• Třeboň

    Třeboň was established sometime at the beginning of the 13th century. At that time the original settlement grew into a small town with a fortified yard. In 1367 the Rosenbergs founded the Monastery in Třeboň with the Church of St. Jiljí. Approximately during this period the stronghold on the south-western side of the town gradually changed into a small castle, which was then considerably extended before the beginning of the 16th century. Antonio Ericer built a four-winged manor on the sites of the walls of the castle. Before 1602, when the last of the Rožmberk family Petr Vok moved from Český Krumlov to Třeboň, architect Domenico Cometta managed to heighten and extend the manor and decorate its facade with sgraffito rustic work. Among the Renaissance interiors stands out the so-called Courtier Room with its high vault and 32 blazons of the courtiers of Petr Vok. During the period of the last Rožmberk also the city changed its shape considerably. Beautiful patrician houses in the Renaissance style started appearing on the square. They joined the already existing first hotel in the town called "The White Horse" showing signs of remarkable so-called "fortress" architecture - five storey gable construction. The Třeboň Town Hall with additionally built tower was constructed approximately 15 years later (1563). The neighbourhood of the city changed, too, especially as a result of founding or extending of ponds. The dike of the large pond Svět was built by Jakub Krčín of Jelčany only 200 m from the town walls. Filling it up water (1572) was accompanied by considerable worries of the Třeboň inhabitants. Krčín however did not let himself to be discouraged and in 1589 he completed the construction of the pond of Rožmberk, at present with its 490 ha being the largest pond in Bohemia. The last aristocratic owners of Třeboň were the Schwarzenbergs in 1660. They remained the owners of the manor until 1945. Under their ownership the manor was extended and some of the interiors were adapted. The visitors can admire these interiors if they choose the 2nd guided tour of the manor. It is also interesting to visit the tomb of the dukes situated in the park on the far side of the above-mentioned pond Svět. The underground tomb was built after the model of the Italian Campo Santo (F.D. Deworetzky). On the grounds above the tomb there is a monumental Neo-Gothic chapel (open to the public). The chapel was consecrated in 1877 by the brother of the Duke Jan Adolf II, the Prague Archbishop Bedřich Schwarzenberg.

  • Vyšší Brod

    The monastery in Vyšší Brod has been a spiritual and cultural centre of southern Bohemia for more than 750 years. It was established in 1259 by the family of Vok of Rožmberk and the first 12 monks with their abbot came there from the Cistercian monastery in Wilhering near Linz. The life in the monastery in Vyšší Brod remained intact for seven centuries. The monks were forced to leave the monastery for the first time by the Nazis in 1941. Later on, the monastery was closed down by the communists in 1950. Today there is a community of monks living here again. They are trying to restore the monastic regime and the neglected monastery.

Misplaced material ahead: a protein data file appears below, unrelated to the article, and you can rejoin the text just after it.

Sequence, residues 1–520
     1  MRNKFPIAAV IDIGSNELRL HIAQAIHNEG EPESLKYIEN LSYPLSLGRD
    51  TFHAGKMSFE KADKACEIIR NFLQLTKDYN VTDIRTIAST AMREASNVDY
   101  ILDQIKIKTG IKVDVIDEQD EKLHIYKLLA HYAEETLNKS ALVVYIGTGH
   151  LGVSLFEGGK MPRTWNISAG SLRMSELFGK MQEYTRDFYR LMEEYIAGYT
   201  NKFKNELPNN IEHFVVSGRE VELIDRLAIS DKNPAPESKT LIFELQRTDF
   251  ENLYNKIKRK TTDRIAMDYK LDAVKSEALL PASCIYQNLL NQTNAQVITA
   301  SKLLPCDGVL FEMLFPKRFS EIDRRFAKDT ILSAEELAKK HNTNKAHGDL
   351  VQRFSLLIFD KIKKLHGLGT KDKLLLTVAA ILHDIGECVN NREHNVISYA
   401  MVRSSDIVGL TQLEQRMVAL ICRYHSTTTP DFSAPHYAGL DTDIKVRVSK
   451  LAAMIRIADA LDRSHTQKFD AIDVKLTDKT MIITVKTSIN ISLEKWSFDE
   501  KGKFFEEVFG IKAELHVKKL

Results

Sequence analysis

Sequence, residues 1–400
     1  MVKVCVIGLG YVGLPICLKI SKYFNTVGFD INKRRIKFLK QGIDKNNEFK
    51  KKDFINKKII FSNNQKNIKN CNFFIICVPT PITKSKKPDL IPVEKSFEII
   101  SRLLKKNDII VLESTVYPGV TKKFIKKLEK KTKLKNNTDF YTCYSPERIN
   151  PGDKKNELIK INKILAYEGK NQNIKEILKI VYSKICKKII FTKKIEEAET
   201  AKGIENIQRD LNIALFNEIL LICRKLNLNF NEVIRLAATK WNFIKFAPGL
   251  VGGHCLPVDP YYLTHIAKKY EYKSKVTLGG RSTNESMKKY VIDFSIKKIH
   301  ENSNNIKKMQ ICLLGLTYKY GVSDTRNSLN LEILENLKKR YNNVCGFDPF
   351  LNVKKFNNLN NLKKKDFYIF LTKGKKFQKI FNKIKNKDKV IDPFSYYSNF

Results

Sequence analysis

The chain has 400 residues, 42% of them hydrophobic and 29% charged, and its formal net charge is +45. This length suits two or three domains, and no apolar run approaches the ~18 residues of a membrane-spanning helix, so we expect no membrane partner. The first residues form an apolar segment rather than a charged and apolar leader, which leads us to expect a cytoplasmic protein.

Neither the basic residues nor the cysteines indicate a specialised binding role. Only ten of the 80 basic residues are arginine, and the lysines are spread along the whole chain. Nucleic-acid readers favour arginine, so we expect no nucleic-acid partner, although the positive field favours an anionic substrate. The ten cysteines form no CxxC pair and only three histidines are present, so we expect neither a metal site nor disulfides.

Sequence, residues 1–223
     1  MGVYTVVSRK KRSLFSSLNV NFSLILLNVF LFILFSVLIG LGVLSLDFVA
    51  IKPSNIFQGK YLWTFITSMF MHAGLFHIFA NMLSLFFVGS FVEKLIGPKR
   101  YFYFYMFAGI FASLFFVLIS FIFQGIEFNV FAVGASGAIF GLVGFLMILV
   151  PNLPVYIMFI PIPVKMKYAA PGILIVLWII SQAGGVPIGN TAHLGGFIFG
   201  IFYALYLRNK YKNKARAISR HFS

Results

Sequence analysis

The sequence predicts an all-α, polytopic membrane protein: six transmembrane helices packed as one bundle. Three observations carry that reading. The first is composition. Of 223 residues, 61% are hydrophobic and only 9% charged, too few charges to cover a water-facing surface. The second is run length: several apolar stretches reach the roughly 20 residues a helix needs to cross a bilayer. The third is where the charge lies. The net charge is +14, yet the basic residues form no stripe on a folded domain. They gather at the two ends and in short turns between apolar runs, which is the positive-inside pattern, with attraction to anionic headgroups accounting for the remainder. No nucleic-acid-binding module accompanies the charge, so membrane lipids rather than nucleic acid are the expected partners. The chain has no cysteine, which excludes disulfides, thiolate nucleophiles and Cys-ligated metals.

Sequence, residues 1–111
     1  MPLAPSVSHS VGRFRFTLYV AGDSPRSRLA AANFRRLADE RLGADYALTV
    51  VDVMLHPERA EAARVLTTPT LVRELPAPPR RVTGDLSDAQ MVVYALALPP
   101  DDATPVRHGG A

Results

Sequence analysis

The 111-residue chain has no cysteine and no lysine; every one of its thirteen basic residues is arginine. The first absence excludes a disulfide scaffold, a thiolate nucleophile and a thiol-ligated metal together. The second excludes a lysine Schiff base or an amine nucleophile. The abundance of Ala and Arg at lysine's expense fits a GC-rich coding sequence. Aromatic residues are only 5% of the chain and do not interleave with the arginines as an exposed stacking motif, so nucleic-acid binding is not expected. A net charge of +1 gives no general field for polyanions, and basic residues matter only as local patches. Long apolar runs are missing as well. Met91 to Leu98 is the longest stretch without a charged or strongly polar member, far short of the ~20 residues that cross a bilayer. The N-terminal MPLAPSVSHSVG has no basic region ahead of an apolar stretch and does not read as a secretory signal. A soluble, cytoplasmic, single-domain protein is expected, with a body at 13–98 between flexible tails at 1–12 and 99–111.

• Zvíkov

    The hill towering over the joining of the Vltava and Otava rivers had been considered a suitable place for new settlements since the prehistoric times. It was there that a castle was founded by King Wenceslas I in 1234. The construction and further development of the castle is connected with the name of the son of Wenceslas I, Přemysl Otakar II. It was he who added a four-wing palace with an irregular layout, so unusual for that time. On the ground and the first floors, the wings are connected by arcade passages with circular windows facing the courtyard. Towards the end of the 13th century, construction work began on ramparts with gates and bastions of the main administrative buildings, and the tower called Hláska was made higher in 1554. The 17th century marked the end of Zvíkov´s prominent era.
  • Hluboká

    The oldest predecessor to the present-day chateau was an early Gothic castle built around 1250. In the Middle Ages the castle was alternately an aristocratic property and a site of royal administration. In 1562 King Ferdinand I sold Hluboká together with inheritance rights to the Lords of Hradec, who changed the castle into a Renaissance stately home. A century later, the Hluboká estate was bought off by Johann Adolf I of Schwarzenberg, a noted European diplomat and the founder of the family stem having stayed in southern Bohemia for almost three hundred years. At the beginning of the 18th century Prince Adam Franz, Johann Adolf´s grandson, had the chateau rebuilt in Baroque style by P.O. Bayer and his successor Anton E. Martinelli. In the latter half of the 19th century Prince Johann Adolf II and his wife Eleonore ordered another reconstruction, this time in the Romantic style. After their return, they invited a Viennese architect Franz Beer to take charge of the rebuilding project. In 1840 the demolition of the castle proceeded from the back wing towards the entrance gate and, in the course of time, its Baroque style gradually changed into the picturesque style of Tudor Gothic. It should be noted that the Hluboká castle used to be surrounded by a large settlement, which had been removed before the reconstruction began. Another architect, Ferdinand Deworetsky, also played a prominent role in the castle reconstruction when he took control of the work after Beer´s death. The reconstruction was completed in 1871.